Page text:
If that’s the case, you might want to save your Bitcoin to pay for something more important than a pizza. In 2010, Laszlo Hanyecz used 10,000 Bitcoins to pay for two pizzas. In February, those Bitcoins were worth $446 million. As of April 12, they were worth more than $600 million.
At this point, unless you’ve made millions on your Bitcoin and don’t care, to pay for pizzas or even a Tesla (NASDAQ:TSLA) with the virtual currency makes absolutely zero sense.
However, if Kiyosaki is correct, an investment of $60,000 in Bitcoin today will pay for a nice, million-dollar house in 2026.
So, the question Clint Eastwood might ask is, “Do you feel lucky, punk? Well, do ya?
I have a hard time believing Bitcoin will appreciate by an average of 82% annually in each of the next five years. However, over the past five years, Bitcoin gained an average of 169% annually.
A financial guru thinks that Bitcoin is a sure thing. What could go wrong? I’ll look at two possibilities.
The Government Will Regulate Bitcoin
Many well-known individuals are on record saying the government will step in to ban Bitcoin or severely regulate it. These critics include billionaire hedge fund manager Ray Dalio.
“I think they [the government] will try. But, the problem is too big,” Kiyosaki told Kitco News recently. “Our pensions are going bust. Baby boomers have no money. They shut down the economy. They’re gonna print … another $1.9 trillion. So, it has never worked.”
Unfortunately, as much sense as Kiyosaki makes about holding on to Bitcoin and spending the “fake” greenback, his assertion that Janet Yellen and Joe Biden are Communists suggests his thought process leaves a lot to be desired.
Ray Dalio’s recently argued that, just as Washington outlawed gold in the 1930s, it is likely to forbid the use of Bitcoin.
“[B]ack in the ’30s in the war years … because cash and bonds were such bad investments relative to other things, there was the movement to those other things, and then the government outlawed them,” Dalio told Yahoo Finance on March 24. “They outlawed gold.”
Some believe Bitcoin has come too far to be outlawed entirely.
Securities and Exchange Commission (SEC) Commissioner Hester Pierce recently stated that she doesn’t feel the cryptocurrency can be banned and further stated it would be foolish for the government to do so.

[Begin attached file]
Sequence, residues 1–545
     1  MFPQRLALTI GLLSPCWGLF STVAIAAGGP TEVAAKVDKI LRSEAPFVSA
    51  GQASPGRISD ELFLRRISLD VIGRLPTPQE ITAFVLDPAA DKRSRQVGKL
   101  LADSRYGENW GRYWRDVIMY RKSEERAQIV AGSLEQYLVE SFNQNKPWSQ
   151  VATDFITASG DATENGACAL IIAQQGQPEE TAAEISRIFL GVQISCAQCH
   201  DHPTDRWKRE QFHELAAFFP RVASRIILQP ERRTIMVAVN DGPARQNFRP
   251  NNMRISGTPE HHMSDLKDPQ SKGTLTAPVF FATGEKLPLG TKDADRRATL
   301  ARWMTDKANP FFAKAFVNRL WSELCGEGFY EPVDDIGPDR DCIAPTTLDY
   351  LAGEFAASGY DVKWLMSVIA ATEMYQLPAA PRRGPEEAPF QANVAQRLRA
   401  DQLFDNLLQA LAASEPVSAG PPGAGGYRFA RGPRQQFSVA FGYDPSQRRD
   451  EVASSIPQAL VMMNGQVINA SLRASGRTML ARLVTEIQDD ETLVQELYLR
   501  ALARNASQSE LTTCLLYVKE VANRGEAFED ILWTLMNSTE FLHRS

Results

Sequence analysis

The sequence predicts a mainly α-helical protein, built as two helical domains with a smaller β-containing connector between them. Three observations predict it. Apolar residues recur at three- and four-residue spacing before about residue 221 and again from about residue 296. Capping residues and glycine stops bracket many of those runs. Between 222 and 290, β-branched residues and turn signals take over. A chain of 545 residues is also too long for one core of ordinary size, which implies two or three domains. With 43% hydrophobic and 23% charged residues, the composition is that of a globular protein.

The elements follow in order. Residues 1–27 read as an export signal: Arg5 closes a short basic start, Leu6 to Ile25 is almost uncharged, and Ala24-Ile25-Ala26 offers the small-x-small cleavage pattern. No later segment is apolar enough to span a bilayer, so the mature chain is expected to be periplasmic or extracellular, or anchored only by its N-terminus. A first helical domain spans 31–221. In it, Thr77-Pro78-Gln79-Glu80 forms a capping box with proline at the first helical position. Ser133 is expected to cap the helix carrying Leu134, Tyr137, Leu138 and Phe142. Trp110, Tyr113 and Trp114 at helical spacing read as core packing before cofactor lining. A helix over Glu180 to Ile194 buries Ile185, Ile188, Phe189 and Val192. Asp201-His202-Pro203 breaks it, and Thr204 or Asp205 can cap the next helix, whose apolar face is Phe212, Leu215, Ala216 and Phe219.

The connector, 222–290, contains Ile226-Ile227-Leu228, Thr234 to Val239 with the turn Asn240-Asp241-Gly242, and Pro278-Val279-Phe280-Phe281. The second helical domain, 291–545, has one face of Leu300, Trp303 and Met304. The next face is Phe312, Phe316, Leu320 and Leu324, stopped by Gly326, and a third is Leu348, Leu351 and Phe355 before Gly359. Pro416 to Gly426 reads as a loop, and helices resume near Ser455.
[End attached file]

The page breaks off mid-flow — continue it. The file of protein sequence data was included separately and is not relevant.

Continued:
She’s optimistic that the incoming SEC chairman, Gary Gensler, who is quite knowledgeable about cryptocurrencies, will help bring Bitcoin fully into the mainstream.
I have no idea who’s correct about this issue. However, the question mark hanging over Bitcoin will not make it less volatile over the remainder of 2021.
Investors Look to Alternatives
While Ray Dalio argues that Bitcoin is not a good way to store value, let’s assume for argument’s sake that it is. However, its biggest weakness is that it cannot be used for anything other than trading, investing, and purchasing.
Some investors may decide that other cryptocurrencies such as Ethereum (CCC:ETH-USD) and Cardano (CCC:ADA-USD) store value and are more useful than Bitcoin, making them more attractive in the long-run.
As I’ve said in the past, I could not care less about gold, even though many investors find the precious metal’s tangible nature very appealing. When it comes to gold, I agree with Warren Buffett, who believes the metal “has no utility.”
Berkshire Hathaway (NYSE:BRK.A, NYSE:BRK.B), however, actually bought 21 million shares of Barrick Gold (NYSE:GOLD) in the second quarter of 2020. But Berkshire dumped its position by the end of the year.
I’m not sure why Berkshire bought Barrick’s stock in the first place, but clearly it had a quick change of heart.
In my April 7 article about Cardano, I said the following about the up-and-coming cryptocurrency:
“I’m going to continue to learn about Cardano and Ethereum and what makes them similar and different. In the meantime, as cryptocurrencies go, I’d stick to Bitcoin if your only need is a store-of-value.”
“However, if you want to be a part of something bigger, I couldn’t think of a better choice than Cardano.”
Cardano looks like a major player when it comes to decentralized finance (DeFi). Ethereum is clearly in the same boat. Both will continue to be desirable alternatives to Bitcoin in the years ahead.
If they ever become as popular as Bitcoin for storing value, life could get pretty tough for Bitcoin holders.
The Bottom Line
The thing that sets Bitcoin apart from most cryptocurrencies is that 21 million Bitcoins were issued when Satoshi Nakamoto created the cryptocurrency in January 2009. And while it’s possible that Satoshi Nakamoto could issue more, it’s unlikely that he will do so.
Theoretically, if the supply of Bitcoins remains at 21 million, there’s nowhere for Bitcoin to go but up. So Kiyosaki’s prediction isn’t as crazy as it sounds.
At the moment, Bitcoin’s market capitalization is $1.26 trillion. If the price of Bitcoin jumps to $1.2 million, its market capitalization would be $25.2 trillion. That’s a lot of stored value.
I’m not sure what will happen if everyone tries to sell their Bitcoins at the same time. While it’s unlikely, that possibility should keep Bitcoin quite volatile between now and 2026.
If you buy Bitcoin at today’s prices, I hope for your sake that Kiyosaki turns out to be right. I guess we’ll find out.
On the date of publication, Will Ashworth did not have (either directly or indirectly) any positions in the securities mentioned in this article.
Will Ashworth has written about investments full-time since 2008. Publications where he’s appeared include InvestorPlace, The Motley Fool Canada, Investopedia, Kiplinger, and several others in both the U.S. and Canada. He particularly enjoys creating model portfolios that stand the test of time. He lives in Halifax, Nova Scotia. At the time of this writing Will Ashworth did not hold a position in any of the aforementioned securities.